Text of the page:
Power econ couple Joseph Stiglitz and Anya Schiffrin weigh in on Spousonomics, the new book on the economic side of marriage by journalists?Paula Szuchman and Jenny Anderson. Here’s Schiffrin, who describes Stiglitz as “very romantic,” explaining one of his comparative advantages: “One of the concepts they devote a lot of time to is comparative advantage, […] Read More »
Last week, we solicited your questions for Paula Szuchman and Jenny Anderson, co-authors of the new book Spousonomics: Using Economics to Master Love, Marriage, and Dirty Dishes.
Here are their answers, covering everything from sex to divorce to … gulp … apology. Thanks to all who participated, especially Paula and Jenny. Read More »
Paula Szuchman and Jenny Anderson, a pair of journalists, are co-authors of the new book Spousonomics: Using Economics to Master Love, Marriage, and Dirty Dishes. It sorts out optimal strategies for household chores (it’s all about comparative advantage), paying the bills on time (find the right incentive!), and the “too-big-to-fail marriage.” Read More »
What happens to men when women cry? A new study finds that, as in mice, human tears may serve a “chemosignaling function.” Specifically, female tears seem to reduce male sexual arousal. Read More »
Both men and women lie to their partners about their spending, but the money similarities between the genders seem to end there. Viviana A. Zelizer explores the differences in a Wall Street Journal article, writing that women in many different cultures are more likely than men to direct money toward their children’s well-being. Read More »
New research from OkCupid, the research-focused dating site, finds that beauty really is in the eye of the beholder. OkTrends assessed male perceptions of female attractiveness and found that “when some men think you’re ugly, other men are more likely to message you. And when some men think you’re cute, other men become less interested.” Read More »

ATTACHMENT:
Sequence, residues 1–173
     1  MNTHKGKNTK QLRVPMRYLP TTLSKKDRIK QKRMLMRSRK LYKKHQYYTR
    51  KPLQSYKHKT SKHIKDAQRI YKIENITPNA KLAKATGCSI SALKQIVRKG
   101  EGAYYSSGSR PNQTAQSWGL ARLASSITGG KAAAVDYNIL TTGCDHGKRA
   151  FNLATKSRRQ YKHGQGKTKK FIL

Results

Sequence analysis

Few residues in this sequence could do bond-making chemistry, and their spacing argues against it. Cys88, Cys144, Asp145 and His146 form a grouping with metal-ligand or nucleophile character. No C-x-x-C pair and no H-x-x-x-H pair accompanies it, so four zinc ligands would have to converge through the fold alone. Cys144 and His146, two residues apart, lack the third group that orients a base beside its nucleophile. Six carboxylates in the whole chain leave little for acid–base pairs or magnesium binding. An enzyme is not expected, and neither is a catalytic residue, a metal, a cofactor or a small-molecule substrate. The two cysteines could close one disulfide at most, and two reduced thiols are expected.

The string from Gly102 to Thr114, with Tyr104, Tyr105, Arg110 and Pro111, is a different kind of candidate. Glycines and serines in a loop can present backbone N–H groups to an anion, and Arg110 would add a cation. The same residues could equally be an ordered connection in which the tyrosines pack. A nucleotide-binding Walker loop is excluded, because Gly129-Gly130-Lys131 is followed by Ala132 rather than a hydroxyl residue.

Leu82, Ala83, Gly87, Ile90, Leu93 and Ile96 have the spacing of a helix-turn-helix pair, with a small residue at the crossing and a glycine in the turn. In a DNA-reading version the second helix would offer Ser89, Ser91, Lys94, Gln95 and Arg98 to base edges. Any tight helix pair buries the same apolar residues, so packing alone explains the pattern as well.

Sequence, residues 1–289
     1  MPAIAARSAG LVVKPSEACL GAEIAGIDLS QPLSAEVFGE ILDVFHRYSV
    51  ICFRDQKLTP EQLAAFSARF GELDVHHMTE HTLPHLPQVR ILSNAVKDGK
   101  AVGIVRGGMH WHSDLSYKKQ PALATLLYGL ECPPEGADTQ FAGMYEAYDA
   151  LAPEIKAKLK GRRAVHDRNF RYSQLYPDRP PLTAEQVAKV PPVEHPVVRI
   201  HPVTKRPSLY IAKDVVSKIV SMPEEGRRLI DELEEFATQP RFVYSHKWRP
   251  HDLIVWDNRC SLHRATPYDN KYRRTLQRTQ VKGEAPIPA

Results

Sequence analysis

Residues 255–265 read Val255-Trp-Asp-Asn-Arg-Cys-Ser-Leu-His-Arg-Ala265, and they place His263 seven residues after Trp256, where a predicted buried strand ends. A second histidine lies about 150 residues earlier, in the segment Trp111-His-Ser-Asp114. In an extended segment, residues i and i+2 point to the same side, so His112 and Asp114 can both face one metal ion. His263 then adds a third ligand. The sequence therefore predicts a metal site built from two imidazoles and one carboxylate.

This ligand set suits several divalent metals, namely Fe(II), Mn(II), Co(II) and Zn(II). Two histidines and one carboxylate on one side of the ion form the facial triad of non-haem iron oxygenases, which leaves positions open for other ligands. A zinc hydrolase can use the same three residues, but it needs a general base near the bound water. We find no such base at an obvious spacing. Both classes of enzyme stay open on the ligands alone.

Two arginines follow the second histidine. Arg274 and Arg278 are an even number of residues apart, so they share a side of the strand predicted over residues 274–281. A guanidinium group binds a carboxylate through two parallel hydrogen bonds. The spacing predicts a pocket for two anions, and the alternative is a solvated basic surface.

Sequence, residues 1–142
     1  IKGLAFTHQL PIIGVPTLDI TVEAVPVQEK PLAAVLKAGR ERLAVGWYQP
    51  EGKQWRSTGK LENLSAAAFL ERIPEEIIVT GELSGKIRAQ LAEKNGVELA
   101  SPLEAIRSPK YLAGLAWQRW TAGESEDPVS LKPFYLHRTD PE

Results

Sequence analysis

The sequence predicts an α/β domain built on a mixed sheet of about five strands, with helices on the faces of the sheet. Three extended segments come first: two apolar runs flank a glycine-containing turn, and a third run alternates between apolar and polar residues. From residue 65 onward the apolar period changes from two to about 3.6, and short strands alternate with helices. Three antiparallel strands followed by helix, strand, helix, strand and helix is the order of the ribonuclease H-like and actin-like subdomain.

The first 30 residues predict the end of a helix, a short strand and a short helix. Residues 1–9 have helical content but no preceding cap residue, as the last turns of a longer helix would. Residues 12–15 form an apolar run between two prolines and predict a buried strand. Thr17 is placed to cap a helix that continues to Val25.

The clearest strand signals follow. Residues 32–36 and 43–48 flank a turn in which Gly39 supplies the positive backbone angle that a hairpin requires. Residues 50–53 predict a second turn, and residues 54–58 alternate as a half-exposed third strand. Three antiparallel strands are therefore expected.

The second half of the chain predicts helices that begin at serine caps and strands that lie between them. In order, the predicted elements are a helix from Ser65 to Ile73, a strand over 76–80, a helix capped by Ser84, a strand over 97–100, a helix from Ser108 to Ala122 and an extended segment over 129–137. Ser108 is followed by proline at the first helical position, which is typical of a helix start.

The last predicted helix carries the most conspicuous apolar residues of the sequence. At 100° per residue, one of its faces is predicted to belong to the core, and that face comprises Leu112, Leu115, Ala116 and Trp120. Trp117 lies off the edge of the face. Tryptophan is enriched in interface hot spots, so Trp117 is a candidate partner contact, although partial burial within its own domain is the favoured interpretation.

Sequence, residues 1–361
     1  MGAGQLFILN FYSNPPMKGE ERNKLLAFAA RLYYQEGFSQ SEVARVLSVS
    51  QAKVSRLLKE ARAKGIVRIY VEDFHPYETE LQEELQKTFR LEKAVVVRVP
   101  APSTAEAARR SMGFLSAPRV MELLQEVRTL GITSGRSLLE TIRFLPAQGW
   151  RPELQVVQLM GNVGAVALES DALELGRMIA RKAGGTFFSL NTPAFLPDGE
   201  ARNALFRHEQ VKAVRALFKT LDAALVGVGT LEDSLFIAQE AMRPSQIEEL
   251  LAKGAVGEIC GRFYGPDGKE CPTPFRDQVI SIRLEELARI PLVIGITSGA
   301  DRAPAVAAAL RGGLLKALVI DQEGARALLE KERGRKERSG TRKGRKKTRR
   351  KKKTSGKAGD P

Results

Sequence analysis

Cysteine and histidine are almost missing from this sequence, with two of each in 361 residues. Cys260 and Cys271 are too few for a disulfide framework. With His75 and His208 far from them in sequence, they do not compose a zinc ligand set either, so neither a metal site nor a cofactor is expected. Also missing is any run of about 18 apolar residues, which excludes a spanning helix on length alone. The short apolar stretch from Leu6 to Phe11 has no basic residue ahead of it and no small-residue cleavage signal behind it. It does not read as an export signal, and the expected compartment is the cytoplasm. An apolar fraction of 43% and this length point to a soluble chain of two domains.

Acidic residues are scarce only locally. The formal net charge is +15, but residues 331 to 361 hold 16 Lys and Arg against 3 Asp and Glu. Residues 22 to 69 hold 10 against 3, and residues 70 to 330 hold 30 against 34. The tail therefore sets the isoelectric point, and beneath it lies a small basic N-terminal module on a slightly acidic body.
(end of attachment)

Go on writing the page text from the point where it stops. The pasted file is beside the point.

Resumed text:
In stressful meetings, does coffee help or harm the situation? Lindsay St. Claire, Robert C. Hayward and Peter J. Rogers attempted to answer that question in a new study, which is summarized here by the BPS Research Digest: “For two men collaborating or negotiating under stressful circumstances, caffeine consumption was bad news, undermining their performance and confidence. By contrast, for pairs of women, drinking caffeine often had a beneficial effect on these same factors. The researchers can’t be sure, but they think the differential effect of caffeine on men and women may have to do with the fact that women tend to respond to stress in a collaborative, mutually protective style (known as ‘tend and befriend’) whereas men usually exhibit a fight or flight response.” Read More »
Our latest Freakonomics Radio podcast is called “Do More Expensive Wines Taste Better?” It features some research presented by the American Association of Wine Economists, whose members include Karl Storchmann, managing editor of the group’s Journal of Wine Economics.
Storchmann wrote to us the other day about an interesting working paper the AAWE has just posted: “Women or Wine? Monogamy and Alcohol,” by Mara Squicciarini and Jo Swinnen. Read More »